Taking care of your teeth may be a personal choice that you have power over, but you will soon discover that the dental problems you have are, in large part, due to your genes. Even if your parents taught you awesome oral hygiene habits when it comes to keeping your chompers clean, you may still be at a higher risk for dental issues.

According to Delta Dental, various versions of the gene beta-defensin 1 are responsible. While you may brush and floss the recommended twice per day, these genes are more likely to get you a cavity. Luckily, cavities are treatable. However, leaving your teeth untreated can lead to gum disease and even losing them altogether.

Genetics are also responsible when it comes to the shape of your jaw. This can create crowded teeth, an overbite, or an underbite that could warrant braces. That's right, folks, your parents are who to blame for your metal mouth in middle school.

Your pain tolerance is partially passed down from your parents

We all experience pain in completely different ways. However, research has shown that the way we tolerate distress could be because of mom and dad.

Science says it's hard to pinpoint a specific gene, though, because there are several at play when it comes to pain. However, your genetic makeup has a lot to do with it. One specific review published in Oral Diseases in 2009 found that the way a person experiences pain is linked to a person's sex, age, and even race — and thus inherited from your parents.

One study cited in the review focused on twins, in particular, and found that half of their responses to pain were due to genetics. The environment also has an effect on pain tolerance as well. Of course, all these different factors help explain why it's so difficult for researchers to distinguish a specific gene; there are countless combinations.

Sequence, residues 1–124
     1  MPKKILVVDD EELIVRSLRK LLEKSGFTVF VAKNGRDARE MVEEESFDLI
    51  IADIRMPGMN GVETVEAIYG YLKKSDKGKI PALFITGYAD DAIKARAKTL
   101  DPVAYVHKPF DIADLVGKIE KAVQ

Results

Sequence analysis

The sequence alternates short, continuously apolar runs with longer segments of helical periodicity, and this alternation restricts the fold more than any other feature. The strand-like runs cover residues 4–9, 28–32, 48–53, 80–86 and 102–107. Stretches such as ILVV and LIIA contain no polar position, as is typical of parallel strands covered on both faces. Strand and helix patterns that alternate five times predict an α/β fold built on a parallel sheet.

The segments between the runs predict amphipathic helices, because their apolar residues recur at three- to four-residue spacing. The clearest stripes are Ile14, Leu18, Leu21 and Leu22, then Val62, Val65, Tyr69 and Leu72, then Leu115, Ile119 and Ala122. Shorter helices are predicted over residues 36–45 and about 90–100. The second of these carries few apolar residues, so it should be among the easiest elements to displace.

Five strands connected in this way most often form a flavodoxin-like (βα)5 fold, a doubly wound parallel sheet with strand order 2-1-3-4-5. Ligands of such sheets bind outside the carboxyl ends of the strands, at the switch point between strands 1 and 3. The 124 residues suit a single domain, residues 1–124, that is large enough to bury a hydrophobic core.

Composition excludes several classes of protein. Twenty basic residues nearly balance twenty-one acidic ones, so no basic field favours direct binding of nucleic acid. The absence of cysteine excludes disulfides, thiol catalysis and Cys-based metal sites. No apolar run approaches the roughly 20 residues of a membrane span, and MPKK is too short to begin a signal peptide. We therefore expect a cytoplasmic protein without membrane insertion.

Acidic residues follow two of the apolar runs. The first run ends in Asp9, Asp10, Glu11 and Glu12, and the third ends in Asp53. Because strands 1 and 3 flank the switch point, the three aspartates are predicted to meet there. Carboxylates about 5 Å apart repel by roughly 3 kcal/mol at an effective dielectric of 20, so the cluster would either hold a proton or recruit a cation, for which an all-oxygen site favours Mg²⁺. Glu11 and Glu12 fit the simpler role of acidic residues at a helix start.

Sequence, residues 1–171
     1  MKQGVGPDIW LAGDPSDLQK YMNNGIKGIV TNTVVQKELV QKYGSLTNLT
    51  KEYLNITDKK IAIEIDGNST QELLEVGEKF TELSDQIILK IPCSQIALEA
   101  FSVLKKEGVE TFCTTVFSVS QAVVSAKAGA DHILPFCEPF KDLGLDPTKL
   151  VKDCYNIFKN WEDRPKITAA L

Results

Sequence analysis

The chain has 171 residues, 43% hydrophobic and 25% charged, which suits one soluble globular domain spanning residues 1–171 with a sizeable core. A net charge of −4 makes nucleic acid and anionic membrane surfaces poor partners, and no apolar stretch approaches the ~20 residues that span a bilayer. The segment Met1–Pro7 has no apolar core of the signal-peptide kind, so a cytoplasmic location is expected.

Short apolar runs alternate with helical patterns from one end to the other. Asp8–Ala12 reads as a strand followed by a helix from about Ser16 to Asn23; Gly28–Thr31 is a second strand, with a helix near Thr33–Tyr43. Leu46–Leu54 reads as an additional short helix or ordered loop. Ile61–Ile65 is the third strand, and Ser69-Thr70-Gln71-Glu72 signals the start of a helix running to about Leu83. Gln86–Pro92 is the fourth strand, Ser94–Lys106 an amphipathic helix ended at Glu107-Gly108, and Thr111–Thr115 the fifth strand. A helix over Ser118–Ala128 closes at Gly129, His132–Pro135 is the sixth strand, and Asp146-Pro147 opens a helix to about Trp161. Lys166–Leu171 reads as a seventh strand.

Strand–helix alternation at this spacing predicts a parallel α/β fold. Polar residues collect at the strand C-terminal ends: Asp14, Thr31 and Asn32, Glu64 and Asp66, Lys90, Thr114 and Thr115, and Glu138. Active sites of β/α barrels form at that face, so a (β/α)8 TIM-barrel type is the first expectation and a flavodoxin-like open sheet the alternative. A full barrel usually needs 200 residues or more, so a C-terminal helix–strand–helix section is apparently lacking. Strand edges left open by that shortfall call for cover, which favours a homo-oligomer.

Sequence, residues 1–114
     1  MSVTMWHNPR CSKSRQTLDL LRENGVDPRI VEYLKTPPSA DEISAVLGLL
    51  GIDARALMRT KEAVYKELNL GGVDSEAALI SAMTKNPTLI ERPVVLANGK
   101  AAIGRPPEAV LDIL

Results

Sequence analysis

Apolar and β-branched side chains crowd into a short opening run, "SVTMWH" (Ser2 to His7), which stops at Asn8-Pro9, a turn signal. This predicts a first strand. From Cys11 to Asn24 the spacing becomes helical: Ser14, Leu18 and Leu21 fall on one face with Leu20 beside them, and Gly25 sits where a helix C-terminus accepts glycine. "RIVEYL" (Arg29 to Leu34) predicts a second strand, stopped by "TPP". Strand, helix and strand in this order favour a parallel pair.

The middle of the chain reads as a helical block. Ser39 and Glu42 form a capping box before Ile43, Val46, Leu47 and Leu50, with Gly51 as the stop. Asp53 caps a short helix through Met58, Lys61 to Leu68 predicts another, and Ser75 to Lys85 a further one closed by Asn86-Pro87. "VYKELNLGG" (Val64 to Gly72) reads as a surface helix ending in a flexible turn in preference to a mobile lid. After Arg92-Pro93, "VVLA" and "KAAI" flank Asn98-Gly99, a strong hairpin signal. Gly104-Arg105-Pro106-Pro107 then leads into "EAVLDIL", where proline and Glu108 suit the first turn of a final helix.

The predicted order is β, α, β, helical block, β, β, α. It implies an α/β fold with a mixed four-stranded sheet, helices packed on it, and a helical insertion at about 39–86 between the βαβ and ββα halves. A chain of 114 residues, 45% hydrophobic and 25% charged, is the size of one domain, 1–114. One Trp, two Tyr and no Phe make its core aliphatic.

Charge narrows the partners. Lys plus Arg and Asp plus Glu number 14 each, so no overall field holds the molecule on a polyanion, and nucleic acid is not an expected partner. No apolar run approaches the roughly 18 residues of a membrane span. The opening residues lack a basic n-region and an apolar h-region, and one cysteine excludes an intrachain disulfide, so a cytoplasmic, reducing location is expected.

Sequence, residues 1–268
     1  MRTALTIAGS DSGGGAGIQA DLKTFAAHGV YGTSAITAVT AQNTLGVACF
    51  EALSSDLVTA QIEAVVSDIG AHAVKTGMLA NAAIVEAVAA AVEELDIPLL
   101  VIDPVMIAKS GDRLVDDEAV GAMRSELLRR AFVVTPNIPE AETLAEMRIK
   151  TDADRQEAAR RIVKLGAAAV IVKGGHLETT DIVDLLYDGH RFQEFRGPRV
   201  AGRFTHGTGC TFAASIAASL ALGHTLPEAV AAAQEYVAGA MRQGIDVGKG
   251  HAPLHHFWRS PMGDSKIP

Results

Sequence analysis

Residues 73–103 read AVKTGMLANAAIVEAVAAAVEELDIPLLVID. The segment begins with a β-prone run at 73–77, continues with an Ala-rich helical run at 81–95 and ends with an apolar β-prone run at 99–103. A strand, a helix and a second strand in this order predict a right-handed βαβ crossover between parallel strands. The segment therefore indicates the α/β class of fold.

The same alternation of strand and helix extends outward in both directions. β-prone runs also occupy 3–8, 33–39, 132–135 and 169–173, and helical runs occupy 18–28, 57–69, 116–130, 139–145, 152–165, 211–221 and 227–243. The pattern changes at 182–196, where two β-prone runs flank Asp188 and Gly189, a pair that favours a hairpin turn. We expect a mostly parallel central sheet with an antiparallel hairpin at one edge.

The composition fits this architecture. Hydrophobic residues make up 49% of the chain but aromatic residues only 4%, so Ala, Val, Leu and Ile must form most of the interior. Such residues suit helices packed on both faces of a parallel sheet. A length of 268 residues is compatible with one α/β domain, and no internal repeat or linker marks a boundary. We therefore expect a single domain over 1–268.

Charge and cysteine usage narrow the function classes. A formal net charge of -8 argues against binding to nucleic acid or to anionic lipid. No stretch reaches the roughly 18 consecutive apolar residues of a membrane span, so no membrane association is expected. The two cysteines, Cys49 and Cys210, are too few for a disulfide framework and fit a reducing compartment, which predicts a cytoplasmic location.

You inherit how many colors you are able to see

The color of your eyes is determined by your parents, but you may not have realized that the actual colors you see with them are as well. Color blindness can even be inherited if your parents aren't color blind; they just have to be carrying the gene to pass it along. "If you are colour blind it means the instructions for the development of your cone cells are faulty and the cone cells might be missing, or less sensitive to light or it may be that the pathway from your cone cells to your brain has not developed correctly," Colour Blind Awareness explained.

On the opposite end of the (color) spectrum is tetrachromacy. It's possible for your parents to pass along the gene for an extra cone, giving you the ability to see a fourth dimension of color while most people only see three. Because it is carried in the X chromosome, women are more likely to have it (via Healthline). In fact, about 12 percent of women carry an extra cone in their eyes, according to a 2010 study published in the Journal of Vision. Turns out, the skill was never just a pigment of their imaginations.

Whether or not you like to work out seems to be inherited

While genetics may have given you a not-so athletic body, your dislike of diving into the world of workouts could have been passed along by your parents too.

According to a 2014 study of rats published in The Journal of Physiology revealed that wanting to exercise — or not — could be inherited. And it's not just because you never watched your parents work out while growing up. Researchers found that rats that weren't excited about exercising actually had specific kinds of neurons in their brains that hadn't completely matured. This had a large effect on cell cycles and pathways that our genes are responsible for creating.  

Interestingly enough, the study also found that incorporating just a little exercise early on in life was enough to counter being a total couch potato — or whatever the rat equivalent of that is. Of course, more research is needed to study if this is also true in humans, but the study's author believes the data suggests it is (via The New York Times).

You may have inherited your love of coffee

Some people just can't live without their morning cup of coffee, and there's a scientific reason they can't seem to stay awake without it: genetics.

Not everybody has the ability to taste the bitterness that coffee lovers crave. And a single gene, called the PTC gene, is what's responsible. There are quite a few different forms of this gene that help form our feelings toward foods and the amount of bitterness we're willing to bite down on or gulp down, according to the Genetic Science Learning Center at the University of Utah. "Since all people have two copies of every gene, combinations of the bitter taste gene variants determine whether someone finds PTC [which is similar in bitterness to coffee] intensely bitter, somewhat bitter, or without taste at all," the university explained.

Research published in Scientific Reports in 2018 found that those with the bitter-loving form of this gene were more likely to drink at least four cups of coffee everyday. Yes, your genetics may have just helped create your caffeine habit!